As the angels proclaim “good news that will cause great joy for all the people.”  It’s because Jesus fulfils the promises God has been making.  In Isaiah 9v3 God promises the Son he gives will bring light into the darkness and wise rule that will increase their joy.  In Isaiah 25v9 God promises that one day he would save his people and they would rejoice in his salvation.  In Isaiah 51God promises he will look with compassion on his people, bring her joy and gladness that overflows in thanksgiving and singing because his righteousness draws near and his salvation is coming and will last forever.  In Isaiah 61 we read of God sending one who would be anointed by the Spirit, free captives, bind up the broken hearted, proclaim the year of the Lord’s favour, comfort those who mourn and clothe his people in garments of salvation and give them his robe of righteousness and they would rejoice.  Isn’t that staggering!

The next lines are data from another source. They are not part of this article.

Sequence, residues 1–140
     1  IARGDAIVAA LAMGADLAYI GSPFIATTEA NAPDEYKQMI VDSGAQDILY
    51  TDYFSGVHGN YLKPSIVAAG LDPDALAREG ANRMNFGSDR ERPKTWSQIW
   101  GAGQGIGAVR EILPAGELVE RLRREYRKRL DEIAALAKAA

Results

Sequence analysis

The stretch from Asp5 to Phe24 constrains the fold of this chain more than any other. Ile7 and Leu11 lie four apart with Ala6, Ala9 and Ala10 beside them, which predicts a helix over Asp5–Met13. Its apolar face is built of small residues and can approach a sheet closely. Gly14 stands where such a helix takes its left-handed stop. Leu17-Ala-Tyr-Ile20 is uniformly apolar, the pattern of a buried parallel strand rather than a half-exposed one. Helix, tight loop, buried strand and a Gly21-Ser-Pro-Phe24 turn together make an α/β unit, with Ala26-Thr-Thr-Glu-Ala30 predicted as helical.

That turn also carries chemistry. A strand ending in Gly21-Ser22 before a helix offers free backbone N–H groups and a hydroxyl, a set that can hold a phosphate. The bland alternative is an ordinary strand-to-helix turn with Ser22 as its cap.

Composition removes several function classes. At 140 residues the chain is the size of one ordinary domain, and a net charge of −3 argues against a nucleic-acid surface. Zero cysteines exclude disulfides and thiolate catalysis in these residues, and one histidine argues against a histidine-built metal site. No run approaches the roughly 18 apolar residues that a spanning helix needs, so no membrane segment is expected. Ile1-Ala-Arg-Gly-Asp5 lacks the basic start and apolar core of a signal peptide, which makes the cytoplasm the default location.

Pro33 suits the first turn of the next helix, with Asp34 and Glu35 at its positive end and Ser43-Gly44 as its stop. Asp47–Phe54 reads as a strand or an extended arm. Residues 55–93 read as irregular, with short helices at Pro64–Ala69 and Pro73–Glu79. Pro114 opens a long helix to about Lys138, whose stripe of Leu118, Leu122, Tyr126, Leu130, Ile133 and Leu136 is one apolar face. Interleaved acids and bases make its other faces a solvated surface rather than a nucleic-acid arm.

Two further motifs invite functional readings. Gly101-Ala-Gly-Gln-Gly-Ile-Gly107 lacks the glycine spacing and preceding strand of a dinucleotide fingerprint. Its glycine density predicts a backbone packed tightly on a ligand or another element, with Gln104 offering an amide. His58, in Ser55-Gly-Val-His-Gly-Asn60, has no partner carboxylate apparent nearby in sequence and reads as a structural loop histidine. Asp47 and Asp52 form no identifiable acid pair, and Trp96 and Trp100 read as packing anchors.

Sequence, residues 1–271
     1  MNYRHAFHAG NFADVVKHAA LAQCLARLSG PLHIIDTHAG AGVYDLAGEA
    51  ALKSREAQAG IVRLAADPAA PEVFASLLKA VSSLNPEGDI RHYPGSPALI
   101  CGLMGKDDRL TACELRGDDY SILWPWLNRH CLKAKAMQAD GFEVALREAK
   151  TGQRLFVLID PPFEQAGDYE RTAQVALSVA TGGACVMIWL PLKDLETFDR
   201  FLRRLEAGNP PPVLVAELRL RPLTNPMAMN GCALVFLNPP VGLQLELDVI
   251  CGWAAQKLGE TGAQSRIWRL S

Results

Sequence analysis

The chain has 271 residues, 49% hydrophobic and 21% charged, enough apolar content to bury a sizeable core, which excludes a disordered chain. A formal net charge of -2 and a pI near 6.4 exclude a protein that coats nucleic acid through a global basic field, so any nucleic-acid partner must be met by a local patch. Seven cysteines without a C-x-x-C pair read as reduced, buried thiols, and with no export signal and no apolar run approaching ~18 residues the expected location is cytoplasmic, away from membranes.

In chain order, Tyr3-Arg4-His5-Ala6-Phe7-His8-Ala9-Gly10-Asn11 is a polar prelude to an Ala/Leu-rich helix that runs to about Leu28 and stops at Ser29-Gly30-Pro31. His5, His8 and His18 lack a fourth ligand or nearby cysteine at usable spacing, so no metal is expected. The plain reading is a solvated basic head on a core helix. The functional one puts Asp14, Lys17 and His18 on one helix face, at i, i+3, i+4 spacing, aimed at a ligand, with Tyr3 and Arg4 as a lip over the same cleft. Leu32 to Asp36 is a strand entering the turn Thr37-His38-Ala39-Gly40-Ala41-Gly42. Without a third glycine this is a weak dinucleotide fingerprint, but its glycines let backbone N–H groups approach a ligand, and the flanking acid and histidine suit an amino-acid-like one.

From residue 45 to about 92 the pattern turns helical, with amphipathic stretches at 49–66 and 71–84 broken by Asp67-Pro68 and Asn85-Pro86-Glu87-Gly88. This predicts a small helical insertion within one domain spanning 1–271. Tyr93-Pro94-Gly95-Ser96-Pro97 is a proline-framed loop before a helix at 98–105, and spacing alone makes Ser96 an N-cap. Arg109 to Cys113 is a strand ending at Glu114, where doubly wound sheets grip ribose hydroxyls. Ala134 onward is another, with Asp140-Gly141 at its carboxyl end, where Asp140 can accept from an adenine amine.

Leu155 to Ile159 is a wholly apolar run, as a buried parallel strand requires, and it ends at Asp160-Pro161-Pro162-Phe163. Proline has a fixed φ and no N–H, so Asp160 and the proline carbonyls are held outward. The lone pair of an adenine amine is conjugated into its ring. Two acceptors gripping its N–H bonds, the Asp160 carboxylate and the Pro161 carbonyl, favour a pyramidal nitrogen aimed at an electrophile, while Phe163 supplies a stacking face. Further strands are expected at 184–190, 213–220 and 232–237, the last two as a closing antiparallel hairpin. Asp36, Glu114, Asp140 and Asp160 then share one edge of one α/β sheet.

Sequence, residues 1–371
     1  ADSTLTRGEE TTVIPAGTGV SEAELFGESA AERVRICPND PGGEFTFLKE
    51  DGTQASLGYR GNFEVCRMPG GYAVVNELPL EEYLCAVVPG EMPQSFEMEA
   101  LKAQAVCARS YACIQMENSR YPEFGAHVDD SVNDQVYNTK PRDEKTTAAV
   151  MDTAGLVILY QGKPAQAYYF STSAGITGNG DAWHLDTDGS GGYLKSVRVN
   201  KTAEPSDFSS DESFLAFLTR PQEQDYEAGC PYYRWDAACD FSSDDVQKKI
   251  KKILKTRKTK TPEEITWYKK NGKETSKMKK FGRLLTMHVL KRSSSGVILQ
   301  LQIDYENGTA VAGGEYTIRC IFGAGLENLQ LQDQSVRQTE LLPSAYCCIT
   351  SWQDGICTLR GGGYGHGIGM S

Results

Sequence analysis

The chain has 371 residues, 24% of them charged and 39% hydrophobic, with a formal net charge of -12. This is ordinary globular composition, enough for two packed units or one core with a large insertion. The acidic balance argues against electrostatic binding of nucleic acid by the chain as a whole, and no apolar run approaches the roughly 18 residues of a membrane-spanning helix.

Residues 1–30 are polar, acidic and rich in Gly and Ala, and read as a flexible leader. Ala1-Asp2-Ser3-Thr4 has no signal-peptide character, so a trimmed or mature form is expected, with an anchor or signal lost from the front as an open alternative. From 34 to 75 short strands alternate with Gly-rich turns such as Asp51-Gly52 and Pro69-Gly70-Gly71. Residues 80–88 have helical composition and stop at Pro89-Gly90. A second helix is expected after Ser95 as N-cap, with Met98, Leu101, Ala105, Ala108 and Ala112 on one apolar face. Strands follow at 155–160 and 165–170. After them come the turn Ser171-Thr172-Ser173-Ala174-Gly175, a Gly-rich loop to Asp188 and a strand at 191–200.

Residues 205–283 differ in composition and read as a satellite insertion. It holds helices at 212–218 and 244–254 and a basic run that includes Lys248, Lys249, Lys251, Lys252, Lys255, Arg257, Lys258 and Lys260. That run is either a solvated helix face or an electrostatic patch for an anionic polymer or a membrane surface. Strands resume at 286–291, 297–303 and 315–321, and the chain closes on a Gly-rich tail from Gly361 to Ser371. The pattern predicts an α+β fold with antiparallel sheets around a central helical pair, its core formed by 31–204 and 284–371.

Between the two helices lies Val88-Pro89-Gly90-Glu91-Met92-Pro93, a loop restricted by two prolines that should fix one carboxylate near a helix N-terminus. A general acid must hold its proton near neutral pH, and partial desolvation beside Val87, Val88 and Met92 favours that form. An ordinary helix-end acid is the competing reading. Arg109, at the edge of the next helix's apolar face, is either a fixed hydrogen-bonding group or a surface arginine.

All those promises make a messianic mosaic along with the rest of the Old Testament, a picture built up over thousands of years of God’s promise to bring joy to his people.  But did you notice something?  The promise of joy was always connected to the promise of rescue, of salvation.  Because God is the source of joy.  We will only know real joy when we know the source of joy.  Sin separates us from God but God’s plan is to reconcile us to himself, not by giving us a list of things to do, not by putting us on the naughty or nice list, but by sending one who will give us his robe of righteousness, who will rescue and reconcile us to God.